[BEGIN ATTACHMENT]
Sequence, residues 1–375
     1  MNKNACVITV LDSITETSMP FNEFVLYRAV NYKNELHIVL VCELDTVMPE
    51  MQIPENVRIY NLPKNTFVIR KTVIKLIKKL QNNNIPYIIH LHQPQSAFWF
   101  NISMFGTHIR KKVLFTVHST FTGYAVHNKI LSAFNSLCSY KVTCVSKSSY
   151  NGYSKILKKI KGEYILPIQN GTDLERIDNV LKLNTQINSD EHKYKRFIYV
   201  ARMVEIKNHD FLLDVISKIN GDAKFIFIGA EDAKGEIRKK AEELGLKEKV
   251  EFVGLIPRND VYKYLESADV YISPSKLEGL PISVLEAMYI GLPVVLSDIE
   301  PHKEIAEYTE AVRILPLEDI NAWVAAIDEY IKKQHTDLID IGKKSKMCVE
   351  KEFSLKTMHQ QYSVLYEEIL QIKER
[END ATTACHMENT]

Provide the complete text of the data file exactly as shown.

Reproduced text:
Sequence, residues 1–375
     1  MNKNACVITV LDSITETSMP FNEFVLYRAV NYKNELHIVL VCELDTVMPE
    51  MQIPENVRIY NLPKNTFVIR KTVIKLIKKL QNNNIPYIIH LHQPQSAFWF
   101  NISMFGTHIR KKVLFTVHST FTGYAVHNKI LSAFNSLCSY KVTCVSKSSY
   151  NGYSKILKKI KGEYILPIQN GTDLERIDNV LKLNTQINSD EHKYKRFIYV
   201  ARMVEIKNHD FLLDVISKIN GDAKFIFIGA EDAKGEIRKK AEELGLKEKV
   251  EFVGLIPRND VYKYLESADV YISPSKLEGL PISVLEAMYI GLPVVLSDIE
   301  PHKEIAEYTE AVRILPLEDI NAWVAAIDEY IKKQHTDLID IGKKSKMCVE
   351  KEFSLKTMHQ QYSVLYEEIL QIKER